Self-image a little shaky? Need some self-esteem? We all want to feel that we’re loved. But sometimes relationships with family and friends disappoint. Where do we turn? My colleague, writing for the January 27, 2017 edition of the Christian Science Monitor, sites a character in a classic children’s book as a type of universal, unconditional love. She shares a practical example of the present and available non-fiction Love that we can all experience. Here’s Ingrid:
In the classic children’s story “Charlotte’s Web” by E.B. White, an unlikely friendship develops between a wise barn spider named Charlotte who shares her home with Wilbur, an unassuming pig. Wilbur loves life and is despondent when he learns that it might be cut short only to end up on a farmer’s breakfast plate. But things turn around when he wakes up each day to a new message spun into the web in the rafters above him, such as “some pig,” “humble,” and my personal favorite, “radiant.” The townsfolk are stumped by Charlotte’s work and attribute the phenomenon to divine intervention. Wilbur grows in self-esteem each day and ultimately his life is spared.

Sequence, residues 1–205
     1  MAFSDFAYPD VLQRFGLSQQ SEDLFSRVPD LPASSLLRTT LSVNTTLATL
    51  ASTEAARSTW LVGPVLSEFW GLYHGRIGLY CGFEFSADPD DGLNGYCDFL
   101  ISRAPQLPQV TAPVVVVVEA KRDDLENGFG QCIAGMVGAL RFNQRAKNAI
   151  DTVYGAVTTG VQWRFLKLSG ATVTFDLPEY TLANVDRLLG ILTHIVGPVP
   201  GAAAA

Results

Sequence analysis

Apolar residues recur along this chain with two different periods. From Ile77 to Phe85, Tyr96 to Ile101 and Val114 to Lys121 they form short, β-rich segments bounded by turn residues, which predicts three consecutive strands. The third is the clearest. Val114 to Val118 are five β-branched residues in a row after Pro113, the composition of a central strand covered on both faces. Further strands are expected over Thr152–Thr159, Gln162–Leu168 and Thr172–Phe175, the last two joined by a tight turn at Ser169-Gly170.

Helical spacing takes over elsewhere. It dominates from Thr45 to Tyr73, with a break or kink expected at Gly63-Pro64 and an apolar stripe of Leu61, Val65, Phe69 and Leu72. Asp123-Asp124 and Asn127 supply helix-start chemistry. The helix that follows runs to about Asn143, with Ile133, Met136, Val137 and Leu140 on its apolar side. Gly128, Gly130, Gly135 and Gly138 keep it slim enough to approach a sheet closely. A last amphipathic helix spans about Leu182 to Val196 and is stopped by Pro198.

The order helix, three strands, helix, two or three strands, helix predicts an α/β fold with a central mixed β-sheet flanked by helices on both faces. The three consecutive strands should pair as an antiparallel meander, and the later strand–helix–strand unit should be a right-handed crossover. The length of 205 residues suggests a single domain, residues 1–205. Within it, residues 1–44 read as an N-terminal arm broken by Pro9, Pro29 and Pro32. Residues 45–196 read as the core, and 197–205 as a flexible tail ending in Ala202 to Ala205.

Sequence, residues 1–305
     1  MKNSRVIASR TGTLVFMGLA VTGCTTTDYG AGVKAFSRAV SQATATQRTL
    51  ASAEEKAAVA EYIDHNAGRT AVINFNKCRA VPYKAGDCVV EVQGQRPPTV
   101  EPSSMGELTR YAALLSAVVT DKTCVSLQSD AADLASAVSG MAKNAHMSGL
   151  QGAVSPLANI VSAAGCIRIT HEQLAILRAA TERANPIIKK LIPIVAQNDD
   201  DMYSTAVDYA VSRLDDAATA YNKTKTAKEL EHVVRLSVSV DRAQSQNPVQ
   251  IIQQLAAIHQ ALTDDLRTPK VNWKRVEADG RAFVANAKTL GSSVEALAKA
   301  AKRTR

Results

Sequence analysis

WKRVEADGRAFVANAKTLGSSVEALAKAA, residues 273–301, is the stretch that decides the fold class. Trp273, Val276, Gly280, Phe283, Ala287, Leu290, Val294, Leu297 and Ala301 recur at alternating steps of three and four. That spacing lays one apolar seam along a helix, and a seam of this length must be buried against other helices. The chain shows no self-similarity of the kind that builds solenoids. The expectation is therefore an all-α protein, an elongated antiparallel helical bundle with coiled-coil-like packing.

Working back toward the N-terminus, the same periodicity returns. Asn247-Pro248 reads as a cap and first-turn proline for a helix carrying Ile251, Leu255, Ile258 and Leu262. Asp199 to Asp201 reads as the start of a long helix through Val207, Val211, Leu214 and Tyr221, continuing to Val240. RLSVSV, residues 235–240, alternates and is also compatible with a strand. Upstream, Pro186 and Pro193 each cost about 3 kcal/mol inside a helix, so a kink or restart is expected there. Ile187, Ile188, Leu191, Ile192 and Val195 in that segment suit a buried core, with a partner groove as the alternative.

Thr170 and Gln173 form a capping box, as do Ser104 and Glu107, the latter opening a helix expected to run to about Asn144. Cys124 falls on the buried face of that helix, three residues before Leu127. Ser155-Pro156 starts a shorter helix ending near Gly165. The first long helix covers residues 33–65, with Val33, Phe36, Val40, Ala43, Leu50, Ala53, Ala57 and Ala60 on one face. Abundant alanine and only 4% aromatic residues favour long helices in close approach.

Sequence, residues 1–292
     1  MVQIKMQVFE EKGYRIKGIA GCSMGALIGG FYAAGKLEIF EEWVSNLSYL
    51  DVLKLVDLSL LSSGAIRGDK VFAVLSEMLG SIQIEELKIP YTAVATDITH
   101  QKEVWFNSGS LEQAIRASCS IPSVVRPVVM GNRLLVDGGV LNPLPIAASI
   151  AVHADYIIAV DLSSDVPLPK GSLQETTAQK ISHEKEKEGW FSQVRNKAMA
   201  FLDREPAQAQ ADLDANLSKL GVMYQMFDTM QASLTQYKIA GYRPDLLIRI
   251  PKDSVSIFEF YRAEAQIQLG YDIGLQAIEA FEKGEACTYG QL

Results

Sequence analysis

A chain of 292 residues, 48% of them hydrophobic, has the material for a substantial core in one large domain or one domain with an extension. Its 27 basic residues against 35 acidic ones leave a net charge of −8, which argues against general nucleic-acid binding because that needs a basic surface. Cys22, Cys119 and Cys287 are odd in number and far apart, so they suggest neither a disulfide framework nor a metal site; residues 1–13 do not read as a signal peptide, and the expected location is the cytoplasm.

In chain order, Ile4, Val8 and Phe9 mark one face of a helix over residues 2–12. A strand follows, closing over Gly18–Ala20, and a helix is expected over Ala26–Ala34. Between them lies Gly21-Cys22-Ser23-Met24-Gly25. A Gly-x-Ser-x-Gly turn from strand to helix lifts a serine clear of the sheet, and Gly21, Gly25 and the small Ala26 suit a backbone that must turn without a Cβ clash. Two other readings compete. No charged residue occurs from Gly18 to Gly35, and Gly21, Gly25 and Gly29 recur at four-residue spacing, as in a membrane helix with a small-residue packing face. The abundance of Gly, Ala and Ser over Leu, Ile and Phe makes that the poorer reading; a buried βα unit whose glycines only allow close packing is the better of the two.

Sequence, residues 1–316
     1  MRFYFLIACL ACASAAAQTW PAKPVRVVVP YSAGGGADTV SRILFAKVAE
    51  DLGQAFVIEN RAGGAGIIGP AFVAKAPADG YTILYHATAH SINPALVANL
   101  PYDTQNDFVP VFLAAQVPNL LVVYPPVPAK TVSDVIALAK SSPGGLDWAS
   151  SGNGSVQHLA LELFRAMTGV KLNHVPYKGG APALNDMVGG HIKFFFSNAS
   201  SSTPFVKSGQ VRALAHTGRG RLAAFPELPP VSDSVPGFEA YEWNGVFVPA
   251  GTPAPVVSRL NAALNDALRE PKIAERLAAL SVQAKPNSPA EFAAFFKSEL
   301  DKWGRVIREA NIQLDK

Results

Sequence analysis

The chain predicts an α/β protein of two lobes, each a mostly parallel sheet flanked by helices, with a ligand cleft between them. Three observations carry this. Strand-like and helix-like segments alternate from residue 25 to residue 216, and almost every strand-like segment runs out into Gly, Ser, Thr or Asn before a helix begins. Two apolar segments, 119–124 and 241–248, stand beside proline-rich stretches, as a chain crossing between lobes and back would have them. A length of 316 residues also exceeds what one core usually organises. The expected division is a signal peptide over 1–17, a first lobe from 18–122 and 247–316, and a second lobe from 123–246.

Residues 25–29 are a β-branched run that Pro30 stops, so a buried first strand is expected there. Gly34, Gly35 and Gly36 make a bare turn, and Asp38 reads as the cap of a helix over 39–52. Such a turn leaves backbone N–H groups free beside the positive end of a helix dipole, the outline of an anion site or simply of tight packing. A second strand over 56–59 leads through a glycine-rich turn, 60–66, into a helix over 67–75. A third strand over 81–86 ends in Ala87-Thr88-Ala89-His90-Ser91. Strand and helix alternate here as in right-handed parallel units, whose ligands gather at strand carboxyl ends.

We all could use a friend like Charlotte, someone to tell us – and others – how valued we are and why our life is important. Imagine waking up each day to a banner above your head: “You’re amazing!” Those kinds of genuine affirmations of the gold in character often come from a parent, teacher, friend, or even a stranger, and point to the inherent goodness in each one of us.
Above all, though, God – divine Love itself – wants each of us to know just how loved we are. We see evidence of this in the Bible. For instance, God said….